Following in the footsteps of the University of Michigan survey, the Conference Board survey showed an 8.6 point slide in consumer confidence in March to a three month low of 63.4. Out of the nine regions, seven were down, one was up and one was flat. Interestingly, even with all the bad global news, the “present situation” component managed to rise from 33.8 to 36.9 in March, the best print since November 2008. But what drives consumer spending is the “expectations” component, and it sank to 81.1 from 97.5, a four-month low. The “jobs are plentiful” index fell to 4.4 from 4.9, while “jobs hard to get” rose to 44.6 from 44.4. So all in, the net jobs index deteriorated 0.7 of a point and suggests that we should at least see a rebound in the unemployment rate in Friday’s jobs report. Buying plans were down right across the board: Home buying plans have gone from 5.2% in January, to 4.9% in February, to 3.8% in March. Auto intentions sagged to 10.9% from 12.8% in February. Plans to buy a major appliance took a real licking — down to 42% from 47.5%, while vacation plans sagged to 45.5% from 51.1%. This is a tale of woes as it pertains to the outlook for discretionary consumer spending...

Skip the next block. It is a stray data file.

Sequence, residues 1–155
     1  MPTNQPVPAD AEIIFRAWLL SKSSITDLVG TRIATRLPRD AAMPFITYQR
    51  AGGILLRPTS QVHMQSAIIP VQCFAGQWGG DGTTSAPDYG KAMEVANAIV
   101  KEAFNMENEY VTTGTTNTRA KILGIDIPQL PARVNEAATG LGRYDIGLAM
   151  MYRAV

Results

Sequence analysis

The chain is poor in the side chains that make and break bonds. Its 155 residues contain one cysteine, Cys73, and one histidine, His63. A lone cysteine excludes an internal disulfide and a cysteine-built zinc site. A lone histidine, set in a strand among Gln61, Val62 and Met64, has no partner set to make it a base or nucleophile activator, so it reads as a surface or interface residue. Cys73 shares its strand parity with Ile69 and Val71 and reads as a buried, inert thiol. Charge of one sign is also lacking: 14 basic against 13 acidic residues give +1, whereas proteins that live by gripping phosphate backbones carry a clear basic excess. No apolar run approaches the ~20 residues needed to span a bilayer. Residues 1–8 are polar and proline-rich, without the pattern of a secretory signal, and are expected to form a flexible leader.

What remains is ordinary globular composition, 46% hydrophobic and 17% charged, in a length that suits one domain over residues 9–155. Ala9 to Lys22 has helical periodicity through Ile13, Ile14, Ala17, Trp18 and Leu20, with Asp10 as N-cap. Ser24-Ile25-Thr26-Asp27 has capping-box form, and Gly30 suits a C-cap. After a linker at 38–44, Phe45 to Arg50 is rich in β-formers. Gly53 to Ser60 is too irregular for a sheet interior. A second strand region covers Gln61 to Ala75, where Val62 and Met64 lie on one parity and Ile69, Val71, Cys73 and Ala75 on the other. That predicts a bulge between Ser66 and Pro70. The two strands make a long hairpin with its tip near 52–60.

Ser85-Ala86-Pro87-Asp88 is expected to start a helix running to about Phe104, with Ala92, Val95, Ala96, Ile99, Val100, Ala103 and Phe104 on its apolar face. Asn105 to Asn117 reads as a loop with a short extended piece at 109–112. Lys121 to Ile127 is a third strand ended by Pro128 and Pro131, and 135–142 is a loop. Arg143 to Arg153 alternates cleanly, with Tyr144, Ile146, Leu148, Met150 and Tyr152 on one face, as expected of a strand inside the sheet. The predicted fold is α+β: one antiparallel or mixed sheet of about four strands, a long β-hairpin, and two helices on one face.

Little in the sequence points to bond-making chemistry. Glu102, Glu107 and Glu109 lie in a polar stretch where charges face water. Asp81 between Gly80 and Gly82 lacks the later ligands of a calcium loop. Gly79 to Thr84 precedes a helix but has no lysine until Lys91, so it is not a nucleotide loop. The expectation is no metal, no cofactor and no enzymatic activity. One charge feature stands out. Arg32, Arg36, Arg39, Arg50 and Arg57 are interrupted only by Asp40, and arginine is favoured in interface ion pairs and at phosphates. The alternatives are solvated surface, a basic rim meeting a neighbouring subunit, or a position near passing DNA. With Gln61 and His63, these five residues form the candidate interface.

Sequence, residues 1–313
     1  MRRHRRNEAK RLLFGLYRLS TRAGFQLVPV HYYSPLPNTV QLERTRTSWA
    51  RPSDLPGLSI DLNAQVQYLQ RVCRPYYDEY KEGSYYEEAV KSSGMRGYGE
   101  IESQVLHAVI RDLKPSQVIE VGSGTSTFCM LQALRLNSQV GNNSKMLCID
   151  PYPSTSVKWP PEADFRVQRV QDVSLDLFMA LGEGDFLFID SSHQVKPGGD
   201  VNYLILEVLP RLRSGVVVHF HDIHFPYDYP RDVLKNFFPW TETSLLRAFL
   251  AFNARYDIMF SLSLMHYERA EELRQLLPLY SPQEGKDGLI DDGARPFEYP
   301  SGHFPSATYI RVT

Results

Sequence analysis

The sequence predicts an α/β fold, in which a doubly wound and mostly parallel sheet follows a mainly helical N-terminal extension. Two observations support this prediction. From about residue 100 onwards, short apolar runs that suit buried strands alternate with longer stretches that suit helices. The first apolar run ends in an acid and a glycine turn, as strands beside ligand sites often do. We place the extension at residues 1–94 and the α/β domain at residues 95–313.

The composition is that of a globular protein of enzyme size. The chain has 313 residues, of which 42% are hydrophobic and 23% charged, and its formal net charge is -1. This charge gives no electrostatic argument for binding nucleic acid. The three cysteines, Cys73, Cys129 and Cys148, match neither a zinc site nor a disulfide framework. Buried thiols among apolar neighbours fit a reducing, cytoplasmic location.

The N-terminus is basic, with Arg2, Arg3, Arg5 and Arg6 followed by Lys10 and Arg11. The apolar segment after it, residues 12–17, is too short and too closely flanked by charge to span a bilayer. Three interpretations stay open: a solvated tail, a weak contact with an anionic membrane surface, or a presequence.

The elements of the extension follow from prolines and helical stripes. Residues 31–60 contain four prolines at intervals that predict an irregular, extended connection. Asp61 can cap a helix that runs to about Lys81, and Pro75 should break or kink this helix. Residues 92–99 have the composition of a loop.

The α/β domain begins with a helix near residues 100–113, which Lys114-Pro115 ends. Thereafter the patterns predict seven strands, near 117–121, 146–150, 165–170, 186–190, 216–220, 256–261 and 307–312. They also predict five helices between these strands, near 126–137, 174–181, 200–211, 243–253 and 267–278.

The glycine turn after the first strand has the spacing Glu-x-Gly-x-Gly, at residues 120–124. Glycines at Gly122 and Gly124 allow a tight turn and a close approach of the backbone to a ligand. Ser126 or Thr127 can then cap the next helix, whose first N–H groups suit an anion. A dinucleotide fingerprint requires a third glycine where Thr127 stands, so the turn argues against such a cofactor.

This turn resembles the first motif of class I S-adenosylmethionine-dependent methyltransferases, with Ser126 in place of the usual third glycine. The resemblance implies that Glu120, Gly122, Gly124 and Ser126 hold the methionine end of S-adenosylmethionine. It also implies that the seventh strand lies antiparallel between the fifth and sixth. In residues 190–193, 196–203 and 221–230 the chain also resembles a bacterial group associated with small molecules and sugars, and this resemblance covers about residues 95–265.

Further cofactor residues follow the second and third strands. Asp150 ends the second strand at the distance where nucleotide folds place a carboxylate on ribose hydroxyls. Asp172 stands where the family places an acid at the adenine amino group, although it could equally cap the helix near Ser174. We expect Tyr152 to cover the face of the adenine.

There is the old saying of how one should focus on what consumers do as opposed to what they say they will do. But we are seeing real consumer spending running at a 1% annual rate so far in Q1, which is well below the 4% pace in the fourth quarter. And the chain store sales data are coming in below plan ― so far +2.2% YoY versus +2.5% planned. Discount stores are surprising on the upside, department stores on the downside.
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